deaths, losses, gains, passions, of my race.

I see the long thick river-stripes of the earth,
I see where the Mississippi flows, I see where
the Columbia flows,
I see the St. Lawrence and the falls of Niagara,
I see the Amazon and the Paraguay,
I see where the Seine flows, and where the
Loire, the Rhone, and the Guadalquivir
flow,
I see the windings of the Volga, the Dnieper,
the Oder,
I see the Tuscan going down the Arno, and the
Venetian along the Po,
I see the Greek seaman sailing out of Egina bay.

I see the site of the great old empire of Assyria,
and that of Persia, and that of India,
I see the falling of the Ganges over the high rim
of Saukara.



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I see the place of the idea of the Deity incarnated
by avatars in human forms,
I see the spots of the successions of priests on the
earth, oracles, sacrificers, brahmins, sabians
lamas, monks, muftis, exhorters,
I see where druids walked the groves of Mona, I
see the misletoe and vervain,
I see the temples of the deaths of the bodies of
gods, I see the old signifiers,
I see Christ once more eating the bread of his last
supper in the midst of youths and old persons,
I see where the strong divine young man, the Her-
cules, toiled faithfully and long, and then died,
I see the place of the innocent rich life and hap-
less fate of the beautiful nocturnal son, the
full-limbed Bacchus,
I see Kneph, blooming, dressed in blue, with the
crown of feathers on his head,
I see Hermes, unsuspected, dying, well-beloved,
saying to the people, Do not weep for me,
this is not my true country, I have lived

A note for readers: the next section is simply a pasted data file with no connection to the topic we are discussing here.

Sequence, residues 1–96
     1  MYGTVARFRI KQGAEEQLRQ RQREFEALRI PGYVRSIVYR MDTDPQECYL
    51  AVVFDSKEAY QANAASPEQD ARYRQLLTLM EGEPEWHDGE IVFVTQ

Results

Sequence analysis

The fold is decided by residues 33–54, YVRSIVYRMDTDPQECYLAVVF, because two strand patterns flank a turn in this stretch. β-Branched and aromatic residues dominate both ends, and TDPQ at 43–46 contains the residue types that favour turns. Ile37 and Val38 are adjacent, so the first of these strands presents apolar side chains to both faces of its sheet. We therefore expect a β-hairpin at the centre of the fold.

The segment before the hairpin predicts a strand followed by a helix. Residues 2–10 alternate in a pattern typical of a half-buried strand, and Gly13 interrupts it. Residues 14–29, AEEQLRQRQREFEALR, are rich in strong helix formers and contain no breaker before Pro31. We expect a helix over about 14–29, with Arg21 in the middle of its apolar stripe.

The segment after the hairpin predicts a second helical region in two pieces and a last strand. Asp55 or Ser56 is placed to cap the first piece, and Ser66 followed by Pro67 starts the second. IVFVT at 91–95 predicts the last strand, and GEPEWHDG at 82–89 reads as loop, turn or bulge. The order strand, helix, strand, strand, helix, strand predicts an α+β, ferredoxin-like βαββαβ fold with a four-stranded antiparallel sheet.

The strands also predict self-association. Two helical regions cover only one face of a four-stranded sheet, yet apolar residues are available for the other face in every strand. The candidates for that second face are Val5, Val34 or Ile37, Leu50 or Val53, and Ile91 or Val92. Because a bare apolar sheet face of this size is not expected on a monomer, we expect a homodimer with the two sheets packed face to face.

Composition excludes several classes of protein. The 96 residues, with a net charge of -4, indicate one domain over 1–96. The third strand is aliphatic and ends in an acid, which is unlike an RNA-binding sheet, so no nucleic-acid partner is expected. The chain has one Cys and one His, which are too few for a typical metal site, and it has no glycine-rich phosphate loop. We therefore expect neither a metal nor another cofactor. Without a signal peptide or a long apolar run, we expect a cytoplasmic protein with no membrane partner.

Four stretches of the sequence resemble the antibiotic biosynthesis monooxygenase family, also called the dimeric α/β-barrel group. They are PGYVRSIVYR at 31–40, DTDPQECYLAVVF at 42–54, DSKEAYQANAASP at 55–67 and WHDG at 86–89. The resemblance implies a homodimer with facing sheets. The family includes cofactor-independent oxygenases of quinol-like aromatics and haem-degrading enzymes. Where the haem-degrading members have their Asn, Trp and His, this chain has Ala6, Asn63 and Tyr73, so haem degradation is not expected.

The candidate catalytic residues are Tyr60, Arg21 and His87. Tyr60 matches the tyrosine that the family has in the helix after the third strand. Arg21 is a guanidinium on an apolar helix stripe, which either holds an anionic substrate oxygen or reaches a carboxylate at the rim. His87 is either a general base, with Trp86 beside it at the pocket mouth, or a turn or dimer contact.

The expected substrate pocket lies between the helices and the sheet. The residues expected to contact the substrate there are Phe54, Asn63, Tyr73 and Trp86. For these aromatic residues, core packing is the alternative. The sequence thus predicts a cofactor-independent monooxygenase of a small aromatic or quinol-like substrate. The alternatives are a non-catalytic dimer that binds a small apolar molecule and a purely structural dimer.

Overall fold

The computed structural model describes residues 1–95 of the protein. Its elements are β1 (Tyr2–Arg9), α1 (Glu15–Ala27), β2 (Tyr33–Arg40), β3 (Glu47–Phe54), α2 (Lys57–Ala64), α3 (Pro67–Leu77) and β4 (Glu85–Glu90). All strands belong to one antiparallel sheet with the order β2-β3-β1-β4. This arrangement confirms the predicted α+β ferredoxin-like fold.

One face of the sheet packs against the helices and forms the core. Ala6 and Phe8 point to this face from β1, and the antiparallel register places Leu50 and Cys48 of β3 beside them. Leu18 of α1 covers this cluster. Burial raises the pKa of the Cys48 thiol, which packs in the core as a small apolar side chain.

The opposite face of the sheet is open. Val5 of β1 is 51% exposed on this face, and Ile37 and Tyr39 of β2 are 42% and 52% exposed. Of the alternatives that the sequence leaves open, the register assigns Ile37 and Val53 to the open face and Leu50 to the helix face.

banished from my true country, I now go
back there, I return to the celestial sphere
where every one goes in his turn.

I see the battle-fields of the earth—grass grows
upon them, and blossoms and corn,
I see the tracks of ancient and modern expedi-
tions.



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I see the nameless masonries, venerable messages
of the unknown events, heroes, records of the
earth.

I see the places of the sagas,
I see pine-trees and fir-trees torn by northern
blasts,
I see granite boulders and cliffs, I see green mea-
dows and lakes,
I see the burial-cairns of Scandinavian warriors,
I see them raised high with stones, by the marge
of restless oceans, that the dead men's spirits,
when they wearied of their quiet graves,
might rise up through the mounds, and gaze
on the tossing billows, and be refreshed by
storms, immensity, liberty, action.

I see the steppes of Asia,
I see the tumuli of Mongolia, I see the tents of
Kalmucks and Baskirs,
I see the nomadic tribes with herds of oxen and
cows,
I see the table-lands notched with ravines, I see
the jungles and deserts,
I see the camel, the wild steed, the bustard, the
fat-tailed sheep, the antelope, and the bur-
rowing wolf.

I see the high-lands of Abyssinia,


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I see flocks of goats feeding, I see the fig-tree,
tamarind, date,
I see fields of teff-wheat, I see the places of
verdure and gold.

I see the Brazilian vaquero,
I see the Bolivian ascending Mount Sorata,
I see the Guacho crossing the plains, I see the
incomparable rider of horses with his lasso
on his arm,
I see over the pampas the pursuit of wild cattle
for their hides.

I see the little and large sea-dots, some inhabited,
some uninhabited;
I see two boats with nets, lying off the shore of
Paumanok, quite still,
I see ten fishermen waiting—they discover now
a thick school of mossbonkers, they drop
the joined seine-ends in the water,
The boats separate, they diverge and row off,
each on its rounding course to the beach,
enclosing the mossbonkers,
The net is drawn in by a windlass by those
who stop ashore,
Some of the fishermen lounge in the boats,